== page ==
Before you start searching for customized URLs or start scrambling to build pages and applications (apps, as we fondly call them) for your organization or Facebook, and Twitter, take a deep breath and ask yourself, “WHY???”
What does your non-profit organization want to achieve? Exactly what do you think or hope the use of social media will do for your organization? It is important that you be really specific when it comes to shaping your Social Media campaign.
Keep in mind that there are almost as many ways to use Social Media as there are Social Media options available. If you want to successfully navigate the big, wide, world of Social Media, you absolutely must have a clear understanding of what you want to do. Your answer will get you started on the right track by helping you match the objective or goal with the right Social Media(SM) channel.
Do you want to recruit board members or hire staff? Maybe the professionally-oriented LinkedIn is best for you.
The answer to the question “What do I want to achieve?” will help shape your Social Media campaign and help to guide the time and commitment you put into the process of developing and growing your network.
Knowing exactly what you want to achieve will also help set the bar to measure your return on investment (ROI). At the end of the day, your ROI (or simply put: the return on the resources, i.e. time, personnel you have invested in social media) will demonstrate why this is or this isn’t the right choice for your organization!
The other great thing about having a clear picture of what you want to achieve through your SM channels — it helps you to stay on track! It is easy to get caught up in all the latest SM trends that pop up, they are all very ‘shiny’ and impressive but I find that when I take a moment to revisit my ultimate goals and objectives, it is easy to tell which SM trends are a fit for my organization and which ones are not.
Here are a few more basic tips to keep in mind when trying to determine how to use Social Media and how it might benefit your organization:
- Social media is all about gaining trust by being transparent, casual and personal. People want to know what your organization does, what you are up to and how they can get involved, but they want to interact with a real person with a real personality!
- Create conversations and engage in informal discussions to genuinely get to know (and influence) your followers. They are your potential funders, volunteers, staff and community cheerleaders. Use clear, simple and positive language.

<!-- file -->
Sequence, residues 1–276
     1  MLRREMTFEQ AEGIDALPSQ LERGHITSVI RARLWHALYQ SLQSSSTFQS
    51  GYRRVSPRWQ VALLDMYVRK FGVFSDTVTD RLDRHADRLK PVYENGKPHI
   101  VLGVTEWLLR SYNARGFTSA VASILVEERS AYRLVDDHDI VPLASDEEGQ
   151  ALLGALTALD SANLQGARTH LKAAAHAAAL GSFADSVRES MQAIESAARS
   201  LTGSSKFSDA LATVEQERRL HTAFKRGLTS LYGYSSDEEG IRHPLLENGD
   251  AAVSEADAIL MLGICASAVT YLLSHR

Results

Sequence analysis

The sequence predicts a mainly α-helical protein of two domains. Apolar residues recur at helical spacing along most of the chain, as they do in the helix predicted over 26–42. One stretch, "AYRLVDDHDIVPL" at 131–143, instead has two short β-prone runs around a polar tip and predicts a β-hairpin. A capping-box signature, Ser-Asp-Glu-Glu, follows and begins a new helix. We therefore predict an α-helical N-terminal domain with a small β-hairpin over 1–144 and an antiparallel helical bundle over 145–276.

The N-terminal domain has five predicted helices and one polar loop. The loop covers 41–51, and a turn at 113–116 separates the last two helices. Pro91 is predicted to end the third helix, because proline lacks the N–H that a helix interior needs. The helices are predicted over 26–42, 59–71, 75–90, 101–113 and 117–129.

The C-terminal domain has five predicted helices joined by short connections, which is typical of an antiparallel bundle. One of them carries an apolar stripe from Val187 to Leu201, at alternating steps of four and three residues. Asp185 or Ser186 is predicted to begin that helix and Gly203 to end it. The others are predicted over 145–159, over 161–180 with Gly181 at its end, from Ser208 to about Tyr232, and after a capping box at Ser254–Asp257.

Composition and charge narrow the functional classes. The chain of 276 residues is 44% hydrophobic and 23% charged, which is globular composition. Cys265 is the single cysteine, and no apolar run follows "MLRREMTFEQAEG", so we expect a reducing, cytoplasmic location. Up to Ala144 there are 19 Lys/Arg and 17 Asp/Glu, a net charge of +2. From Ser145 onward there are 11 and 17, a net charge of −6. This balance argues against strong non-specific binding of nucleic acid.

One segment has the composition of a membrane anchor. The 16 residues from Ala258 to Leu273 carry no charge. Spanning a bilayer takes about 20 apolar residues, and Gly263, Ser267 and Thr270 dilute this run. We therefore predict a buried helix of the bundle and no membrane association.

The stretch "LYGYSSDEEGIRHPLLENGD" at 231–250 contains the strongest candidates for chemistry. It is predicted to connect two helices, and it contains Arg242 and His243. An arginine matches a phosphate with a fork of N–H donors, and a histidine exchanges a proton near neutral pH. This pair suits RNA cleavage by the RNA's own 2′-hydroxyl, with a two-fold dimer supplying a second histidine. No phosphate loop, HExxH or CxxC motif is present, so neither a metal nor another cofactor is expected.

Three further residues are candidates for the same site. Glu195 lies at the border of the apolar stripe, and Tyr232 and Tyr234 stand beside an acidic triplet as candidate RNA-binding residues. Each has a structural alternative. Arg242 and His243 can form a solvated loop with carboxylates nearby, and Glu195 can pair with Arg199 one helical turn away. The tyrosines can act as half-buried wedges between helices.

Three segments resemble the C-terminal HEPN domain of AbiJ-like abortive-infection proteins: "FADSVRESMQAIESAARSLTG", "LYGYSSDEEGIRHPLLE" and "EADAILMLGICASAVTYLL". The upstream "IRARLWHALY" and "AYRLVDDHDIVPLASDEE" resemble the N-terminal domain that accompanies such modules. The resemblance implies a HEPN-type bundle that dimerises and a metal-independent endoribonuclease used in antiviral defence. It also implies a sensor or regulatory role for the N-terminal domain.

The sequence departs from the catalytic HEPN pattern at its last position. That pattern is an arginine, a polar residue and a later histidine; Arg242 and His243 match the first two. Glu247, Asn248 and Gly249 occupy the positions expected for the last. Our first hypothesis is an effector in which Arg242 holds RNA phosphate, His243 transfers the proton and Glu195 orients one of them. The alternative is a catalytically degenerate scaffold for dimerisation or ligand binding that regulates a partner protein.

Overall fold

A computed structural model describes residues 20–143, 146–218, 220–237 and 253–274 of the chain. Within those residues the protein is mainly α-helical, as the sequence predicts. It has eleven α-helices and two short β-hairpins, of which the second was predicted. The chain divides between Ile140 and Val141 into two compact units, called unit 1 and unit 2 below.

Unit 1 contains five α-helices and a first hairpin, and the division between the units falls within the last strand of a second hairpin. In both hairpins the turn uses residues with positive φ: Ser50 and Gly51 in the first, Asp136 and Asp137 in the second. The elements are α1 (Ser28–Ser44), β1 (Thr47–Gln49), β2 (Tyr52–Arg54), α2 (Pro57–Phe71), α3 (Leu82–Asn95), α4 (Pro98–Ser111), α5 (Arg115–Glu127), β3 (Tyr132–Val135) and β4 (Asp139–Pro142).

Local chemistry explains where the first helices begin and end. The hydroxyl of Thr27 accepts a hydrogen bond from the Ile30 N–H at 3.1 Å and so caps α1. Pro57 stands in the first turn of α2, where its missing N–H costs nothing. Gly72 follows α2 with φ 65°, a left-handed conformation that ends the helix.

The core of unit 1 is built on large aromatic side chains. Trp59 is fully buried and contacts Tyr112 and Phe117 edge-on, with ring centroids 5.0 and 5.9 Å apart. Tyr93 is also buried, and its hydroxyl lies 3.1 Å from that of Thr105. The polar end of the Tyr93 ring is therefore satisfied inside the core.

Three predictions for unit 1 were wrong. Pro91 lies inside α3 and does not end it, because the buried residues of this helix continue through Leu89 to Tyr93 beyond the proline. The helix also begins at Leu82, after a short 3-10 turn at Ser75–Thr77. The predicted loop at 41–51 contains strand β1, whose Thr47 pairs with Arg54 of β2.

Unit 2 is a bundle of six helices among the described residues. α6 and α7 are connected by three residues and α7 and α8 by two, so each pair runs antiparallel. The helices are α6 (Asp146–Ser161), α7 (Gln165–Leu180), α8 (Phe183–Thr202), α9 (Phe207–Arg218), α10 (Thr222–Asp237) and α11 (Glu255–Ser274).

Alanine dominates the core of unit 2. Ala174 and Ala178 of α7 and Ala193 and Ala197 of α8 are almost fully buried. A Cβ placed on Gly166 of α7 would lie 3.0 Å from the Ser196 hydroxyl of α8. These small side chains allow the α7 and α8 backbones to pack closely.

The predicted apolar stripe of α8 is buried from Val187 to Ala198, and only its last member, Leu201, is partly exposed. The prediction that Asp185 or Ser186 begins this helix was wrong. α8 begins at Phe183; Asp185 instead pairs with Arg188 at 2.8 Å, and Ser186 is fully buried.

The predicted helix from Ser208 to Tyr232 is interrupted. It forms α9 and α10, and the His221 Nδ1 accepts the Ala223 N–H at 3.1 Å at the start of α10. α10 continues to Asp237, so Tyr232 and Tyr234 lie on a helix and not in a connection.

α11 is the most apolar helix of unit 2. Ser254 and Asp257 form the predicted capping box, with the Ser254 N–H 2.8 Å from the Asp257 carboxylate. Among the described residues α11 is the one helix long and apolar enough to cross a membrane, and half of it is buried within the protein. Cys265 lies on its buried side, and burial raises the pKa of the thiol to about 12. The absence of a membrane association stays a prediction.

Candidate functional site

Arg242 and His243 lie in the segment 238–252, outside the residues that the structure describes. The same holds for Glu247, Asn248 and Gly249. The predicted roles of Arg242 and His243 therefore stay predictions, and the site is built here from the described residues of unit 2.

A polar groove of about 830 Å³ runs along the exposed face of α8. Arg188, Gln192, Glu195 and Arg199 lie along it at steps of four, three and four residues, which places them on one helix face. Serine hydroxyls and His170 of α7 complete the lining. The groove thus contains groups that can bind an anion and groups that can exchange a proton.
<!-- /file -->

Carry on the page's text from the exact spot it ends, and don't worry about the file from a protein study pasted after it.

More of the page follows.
- Be consistent, friendly and available. Remember that building lasting relationships takes some time, but responding quickly to a compliment or question will go a long way.
- Never use social media solely for advertising your products and services. It’s boring, it can damage your reputation as a professional organization and you will be ignored by a lot of people you could be reaching.
- Understand that some important measurements of success when it comes to social media is about more than numbers it is no longer a case of how many hits or followers but how many great two-way relationships have I made. Strong relationships with 10 followers can do far more than having 1000 followers who aren’t engaged.
- Say please and thank you. Reward your “fans” with new opportunities to act, public recognition and expressions of gratitude. Share links, ideas and conversations freely.
- Generously refer to outside content that might also be interesting and valuable to your audience. Just stay professional and true to your organizational values.
- Never start a social media campaign and then abandon it. You can set your own pace, but be consistent. Nothing says “failure” like an inactive social media account. Anything that goes online stays there forever. Make it good!
Social Media is not a phase or a fad. It’s quickly becoming a fundamental marketing requirement for all sectors to engage in social media. Be thoughtful and strategic when you are thinking about introducing Social Media into your organization. Remember, if Social Media is to be a successful tool for your organization, you must be prepared to make a long term commitment to it. Your Social Media campaign’s success will depend on the time, attention and resources you commit to it.
Karen Franco is the Director of Communications at Volunteer Calgary. With a long history in advertising and marketing, she sees the value in engaging in social media networking and makes it a habit to engage in conversations with Volunteer Calgary’s online communities everyday.